USA TODAY US Edition
Struggling veterans vie for jobs
MESA, Ariz. — Carlos Silva knows the hefty paychecks will keep coming this season, whether he is pitching for the Chicago Cubs or sitting on his living room couch.
He’s going to be paid $11.5 million this year, and he thinks he’s good enough to be the Cubs’ fifth starter. He hopes he proved it Wednesday with a strong showing against the Oakland Athletics. If the Cubs disagree and Silva is released, he’ll become the third high-paid veteran to be dumped in the last week.
“I needed this game; it’s personal,” said Silva, who yielded three hits and one run in six innings, lowering his spring ERA to 10.90. “I don’t know what their decision will be. It’s hard. This is a business.”
Andrew Cashner, the Cubs’ 2008 first-round draft pick, is Silva’s main competition for the fifth spot. “The decision remains tough,” Cubs manager Mike Quade said.
The New York Mets made their difficult decisions when they swallowed $18 million worth of contracts by unconditionally releasing pitcher Oliver Perez and second baseman Luis Castillo. Castillo signed with the Philadelphia Phillies. Perez has signed with the Washington Nationals, according to several news media outlets, including The Washington Post. Even if they make those major league rosters, the Mets will be responsible for all but $829,000.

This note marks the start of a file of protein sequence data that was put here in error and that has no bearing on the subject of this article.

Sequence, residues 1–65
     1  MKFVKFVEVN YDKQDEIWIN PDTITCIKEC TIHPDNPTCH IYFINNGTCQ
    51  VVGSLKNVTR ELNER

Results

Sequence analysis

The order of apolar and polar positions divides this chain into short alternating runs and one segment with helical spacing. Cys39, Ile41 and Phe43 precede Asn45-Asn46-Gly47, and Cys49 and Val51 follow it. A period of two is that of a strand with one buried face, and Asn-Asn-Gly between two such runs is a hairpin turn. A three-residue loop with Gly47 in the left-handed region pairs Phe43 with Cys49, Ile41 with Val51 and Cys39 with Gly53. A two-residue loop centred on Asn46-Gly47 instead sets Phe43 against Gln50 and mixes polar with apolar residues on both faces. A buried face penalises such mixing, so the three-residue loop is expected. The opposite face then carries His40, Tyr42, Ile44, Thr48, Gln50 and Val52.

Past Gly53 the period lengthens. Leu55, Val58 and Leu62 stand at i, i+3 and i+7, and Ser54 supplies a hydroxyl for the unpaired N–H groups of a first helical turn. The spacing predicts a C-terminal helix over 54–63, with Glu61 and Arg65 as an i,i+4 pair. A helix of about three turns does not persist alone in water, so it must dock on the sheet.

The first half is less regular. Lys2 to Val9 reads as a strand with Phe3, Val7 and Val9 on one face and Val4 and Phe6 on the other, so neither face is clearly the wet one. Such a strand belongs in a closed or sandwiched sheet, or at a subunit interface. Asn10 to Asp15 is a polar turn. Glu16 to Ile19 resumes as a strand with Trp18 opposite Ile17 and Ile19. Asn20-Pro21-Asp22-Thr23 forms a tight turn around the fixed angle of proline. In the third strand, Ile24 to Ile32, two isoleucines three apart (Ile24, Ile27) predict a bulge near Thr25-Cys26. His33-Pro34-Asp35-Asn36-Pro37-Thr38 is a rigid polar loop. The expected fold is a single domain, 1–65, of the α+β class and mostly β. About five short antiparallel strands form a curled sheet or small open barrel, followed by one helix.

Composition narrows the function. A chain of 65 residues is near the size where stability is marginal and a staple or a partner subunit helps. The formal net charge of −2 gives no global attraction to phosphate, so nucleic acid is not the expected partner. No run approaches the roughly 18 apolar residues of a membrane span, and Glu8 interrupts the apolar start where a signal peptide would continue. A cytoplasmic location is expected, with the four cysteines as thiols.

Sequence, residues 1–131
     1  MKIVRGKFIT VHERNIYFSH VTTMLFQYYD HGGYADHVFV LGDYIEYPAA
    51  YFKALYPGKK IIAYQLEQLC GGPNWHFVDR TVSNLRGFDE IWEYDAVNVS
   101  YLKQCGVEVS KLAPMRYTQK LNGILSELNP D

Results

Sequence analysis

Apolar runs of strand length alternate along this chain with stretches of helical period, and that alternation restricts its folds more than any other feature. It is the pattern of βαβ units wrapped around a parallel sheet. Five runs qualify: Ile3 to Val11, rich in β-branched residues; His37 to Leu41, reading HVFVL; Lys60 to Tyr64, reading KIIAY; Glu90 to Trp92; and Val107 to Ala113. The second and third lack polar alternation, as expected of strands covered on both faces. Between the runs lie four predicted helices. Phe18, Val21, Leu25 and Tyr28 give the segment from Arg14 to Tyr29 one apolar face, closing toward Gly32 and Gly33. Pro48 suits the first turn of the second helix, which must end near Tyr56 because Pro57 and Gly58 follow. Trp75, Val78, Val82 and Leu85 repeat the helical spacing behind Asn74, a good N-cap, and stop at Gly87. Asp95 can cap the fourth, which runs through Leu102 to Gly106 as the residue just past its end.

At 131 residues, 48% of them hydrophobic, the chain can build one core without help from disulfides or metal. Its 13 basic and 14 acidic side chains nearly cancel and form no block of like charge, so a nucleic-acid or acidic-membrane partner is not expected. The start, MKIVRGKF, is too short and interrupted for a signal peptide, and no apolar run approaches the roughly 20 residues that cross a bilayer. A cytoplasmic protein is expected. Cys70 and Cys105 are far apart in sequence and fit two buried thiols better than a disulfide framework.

The San Francisco Giants could trade or even release veteran outfielder Aaron Rowand. Rowand is owed $12 million for each of the next two seasons but has no start- ing job. He hit .230 last season and played sparingly down the stretch after losing his center-field job to Andres Torres. The Giants have used Rowand, battling with Travis Ishikawa and Nate Schierholtz for roster spots, in left field this spring. He hasn’t appeared in left during the regular season since 2003.
“All that stuff is completely out of my control,” Rowand said. “There’s always rumors, always talking. Anybody who’s played this game for a while knows it has nothing to do with what you’re trying to accomplish on a day-by-day basis.”
Club executives say it’s tough to decide what to do with a struggling high-paid player.
“When you have a guy like that, not only is it a drain on your finances, but you’re also not fielding your best 25-man roster,” Texas Rangers President Nolan Ryan said.